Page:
Curren$y – Fear and Loathing in New Orleans (2008)


Curren$y is a rapper that, seemingly commodiously, appeals to just about everyone. And with a very respectable discography sporting a copious amount of innovative material, The Hot Spitta’s semi-stardom is well deserved. Among these releases are his mixtapes, some of which are unfairly slept on.

The title of this 2008 release is an allusion to a term coined by Hunter S. Thompson in a book called “Fear and Loathing in Las Vegas.” It refers to a hell of a night motivated by the excessive consumption and abuse of substances. It’s only fitting, seeing as Spitta’s a full-time pothead, as made evident by effortless, yet adroit, laid-back flow and mellifluous lyrics.

Seeing as this is a Curren$y tape, smooth beats are a given. He’s got a history of exceptional beat selection. “It Starts” sparks a promising start with a familiar, appropriate sound. A jet engine, followed by a quick pre-flight briefing from the pilot himself.

Roll something up, like I always instruct y’all to do at the beginning of these tapes… Pour something, if that’s what you do… Get yourselves straight, sit down, roll your windows down, put your foot on the gas, and get into it. I hope you enjoy it, ’cause I enjoyed making it.

A good intro for a better mixtape. “Title Track” offers a perfect sample of Curren$y’s charismatic lyrical ability over a jazz-esque sound, and “Murda” magnifies it as he fires shots at the comical hook-centric rappers of the industry. They also, however, introduce us to his tendency to be monotonous, which some many consider a drawback. “Movie Writers, Business Men, and Gangsters,” is, frankly, a nothing-special generic track, but it features Mr. Marcelo, who comes pretty close to outshining his younger brother. Young Roddy accompanies Spitta on the next track, “Sky Barz,” and contributes a nice verse reflecting on the Fly Society. “World Class Bitches” is a track I knew I would enjoy after hearing five seconds of the ridiculously smooth beat, courtesy of Pharrell/The Neptunes. Curren$y strays away from his usual subject content on the short but sweet, synth-heavy “Lost in Transit,” shedding some much needed light on the relation between the power of outside influences and the neuro-science of early development in the kids of today. Of course, on the next tune he goes back to his signature, cunning braggadocio style. Two stand-out tracks for me were “Come Up,” as the instrumental is borrowed from one of my favorite songs of all time, Camp Lo’s “Luchini,” and “Intergalactic Society,” just for its mechanical obscurity.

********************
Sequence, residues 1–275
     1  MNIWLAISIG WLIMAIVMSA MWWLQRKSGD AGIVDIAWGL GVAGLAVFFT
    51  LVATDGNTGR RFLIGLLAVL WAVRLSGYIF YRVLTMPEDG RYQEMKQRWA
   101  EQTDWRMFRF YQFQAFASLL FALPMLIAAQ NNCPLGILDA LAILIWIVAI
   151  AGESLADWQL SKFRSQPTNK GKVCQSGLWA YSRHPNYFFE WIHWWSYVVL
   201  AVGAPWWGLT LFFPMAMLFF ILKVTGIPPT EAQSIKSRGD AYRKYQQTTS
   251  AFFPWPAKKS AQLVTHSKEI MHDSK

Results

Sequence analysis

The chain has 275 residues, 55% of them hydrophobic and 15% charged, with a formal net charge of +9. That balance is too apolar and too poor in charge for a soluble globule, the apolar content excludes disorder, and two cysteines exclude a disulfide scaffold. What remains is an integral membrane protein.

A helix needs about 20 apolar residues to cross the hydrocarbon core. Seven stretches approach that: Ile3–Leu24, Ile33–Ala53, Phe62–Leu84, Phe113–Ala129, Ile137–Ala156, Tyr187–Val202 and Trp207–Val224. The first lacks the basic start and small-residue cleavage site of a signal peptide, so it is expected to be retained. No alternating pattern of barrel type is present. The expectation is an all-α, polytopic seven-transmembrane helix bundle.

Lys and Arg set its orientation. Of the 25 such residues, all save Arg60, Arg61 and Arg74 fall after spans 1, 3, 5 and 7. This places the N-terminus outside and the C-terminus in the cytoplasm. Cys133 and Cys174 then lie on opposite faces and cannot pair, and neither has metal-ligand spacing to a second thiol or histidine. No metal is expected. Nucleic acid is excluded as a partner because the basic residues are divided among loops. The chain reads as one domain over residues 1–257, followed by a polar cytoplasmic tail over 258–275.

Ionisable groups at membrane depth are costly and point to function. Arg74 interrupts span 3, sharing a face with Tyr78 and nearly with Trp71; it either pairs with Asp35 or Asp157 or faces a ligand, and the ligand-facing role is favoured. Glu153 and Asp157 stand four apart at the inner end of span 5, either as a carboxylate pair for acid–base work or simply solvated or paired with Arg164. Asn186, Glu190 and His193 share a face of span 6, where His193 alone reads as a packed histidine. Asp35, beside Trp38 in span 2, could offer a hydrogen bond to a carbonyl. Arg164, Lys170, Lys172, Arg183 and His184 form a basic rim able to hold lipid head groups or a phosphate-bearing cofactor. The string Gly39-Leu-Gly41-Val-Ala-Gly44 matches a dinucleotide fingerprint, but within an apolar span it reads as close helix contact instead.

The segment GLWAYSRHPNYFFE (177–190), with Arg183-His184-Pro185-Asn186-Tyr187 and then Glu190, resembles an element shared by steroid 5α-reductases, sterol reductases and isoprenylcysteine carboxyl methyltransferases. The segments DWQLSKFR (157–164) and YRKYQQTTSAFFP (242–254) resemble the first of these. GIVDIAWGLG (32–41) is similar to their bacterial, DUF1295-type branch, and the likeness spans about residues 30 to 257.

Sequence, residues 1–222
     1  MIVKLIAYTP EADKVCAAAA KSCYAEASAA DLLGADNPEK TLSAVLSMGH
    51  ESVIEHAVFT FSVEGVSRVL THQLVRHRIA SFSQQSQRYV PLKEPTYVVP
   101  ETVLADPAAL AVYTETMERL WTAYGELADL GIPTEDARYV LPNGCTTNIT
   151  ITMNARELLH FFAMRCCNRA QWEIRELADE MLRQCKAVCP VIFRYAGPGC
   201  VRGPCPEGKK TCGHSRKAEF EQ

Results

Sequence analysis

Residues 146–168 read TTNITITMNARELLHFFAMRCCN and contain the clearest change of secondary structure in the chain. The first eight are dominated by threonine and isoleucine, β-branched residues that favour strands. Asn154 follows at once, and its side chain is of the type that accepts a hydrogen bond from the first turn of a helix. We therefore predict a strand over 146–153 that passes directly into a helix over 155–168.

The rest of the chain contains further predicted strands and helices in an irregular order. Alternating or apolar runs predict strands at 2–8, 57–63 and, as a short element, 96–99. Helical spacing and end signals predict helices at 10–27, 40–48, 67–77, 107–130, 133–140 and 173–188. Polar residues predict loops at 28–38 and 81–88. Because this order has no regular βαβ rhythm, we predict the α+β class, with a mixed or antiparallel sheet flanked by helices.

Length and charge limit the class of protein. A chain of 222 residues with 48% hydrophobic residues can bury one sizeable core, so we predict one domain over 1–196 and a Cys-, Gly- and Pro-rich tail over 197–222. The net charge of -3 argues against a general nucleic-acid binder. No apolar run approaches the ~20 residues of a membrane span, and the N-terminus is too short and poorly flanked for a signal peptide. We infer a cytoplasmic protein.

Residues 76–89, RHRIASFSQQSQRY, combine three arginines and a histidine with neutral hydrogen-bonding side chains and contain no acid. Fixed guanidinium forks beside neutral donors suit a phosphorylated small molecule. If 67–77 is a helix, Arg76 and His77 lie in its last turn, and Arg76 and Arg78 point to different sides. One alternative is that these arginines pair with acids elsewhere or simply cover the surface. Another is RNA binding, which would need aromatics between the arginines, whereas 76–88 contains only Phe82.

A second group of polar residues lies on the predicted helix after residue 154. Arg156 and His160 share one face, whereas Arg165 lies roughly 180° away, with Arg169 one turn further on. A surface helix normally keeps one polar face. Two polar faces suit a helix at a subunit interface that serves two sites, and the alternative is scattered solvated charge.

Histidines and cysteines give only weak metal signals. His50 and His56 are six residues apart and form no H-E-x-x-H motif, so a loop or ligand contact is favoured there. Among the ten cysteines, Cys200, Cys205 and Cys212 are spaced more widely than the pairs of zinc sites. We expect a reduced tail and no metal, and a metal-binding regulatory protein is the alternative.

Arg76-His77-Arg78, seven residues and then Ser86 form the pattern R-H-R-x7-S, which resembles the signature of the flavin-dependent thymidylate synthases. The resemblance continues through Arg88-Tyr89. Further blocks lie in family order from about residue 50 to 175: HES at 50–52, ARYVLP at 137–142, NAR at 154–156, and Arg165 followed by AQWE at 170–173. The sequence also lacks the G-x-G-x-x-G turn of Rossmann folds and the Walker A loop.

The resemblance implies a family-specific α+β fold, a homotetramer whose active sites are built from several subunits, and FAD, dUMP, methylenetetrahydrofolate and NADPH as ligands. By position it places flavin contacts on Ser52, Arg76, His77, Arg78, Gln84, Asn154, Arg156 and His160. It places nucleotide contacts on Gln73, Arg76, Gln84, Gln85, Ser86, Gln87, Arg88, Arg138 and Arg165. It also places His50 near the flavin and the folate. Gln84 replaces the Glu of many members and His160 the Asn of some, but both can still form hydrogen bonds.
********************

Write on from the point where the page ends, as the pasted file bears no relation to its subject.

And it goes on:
All in all, this project is well above average and will give you a taste of Spitta’s well-roundedness but may leave you a little unsatisfied if you’ve already heard his studio albums. My favorite tracks on the album were Lost In Transit, World Class Bitches, Come Up, and Calm Down.

Overall: 76/100

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QuESt – Fear Not Failure (2012)


If I asked a group of hip-hop fans to name their favorite rappers that debuted within the last five years, there’s a good chance the likes of Kendrick Lamar, Freddie Gibbs, Blu and Big K.R.I.T. would be mentioned a few times. One rapper that deserves to be added to that list is QuESt. In his short career the Miami emcee has proven incredibly versatile, being equally comfortable rapping over 70’s soul samples on ‘Distant Travels Into Soul Theory’ and more traditional hip-hop beats on ‘Broken Headphones’.

For his latest offering, QuESt is using dubstep influenced production which suits his style perfectly. Generally, I’m not a huge fan of this but when it’s done properly the results can be worthwhile. Compared to this year’s other successful elctro-hop album, Chiddy Bang’s Breakfast, which was much more upbeat and party orientated, the sounds on this are more atmospheric and occasionally downtempo, but it still packs a punch with powerful drums over deep, wavy basslines (you will need headphones to fully appreciate this). I can’t think of many other rappers that would suit these beats but his flow (which is somewhat reminiscent of early Jay-Z) is flawless and he has the ability to switch pace in the blink of an eye to keep up with he varying tempo of the beats.

The title, “Fear Not Failure” serves as an underlying theme throughout the tape, as he explores the idea of overcoming fears and learning from your mistakes. This is exemplified by the following quotable at the end of Nothing to Fear;

Even if god came down and said “You know what, this isn’t gonna work out, you should just quit while you’re ahead”, I’d probably still take my chances.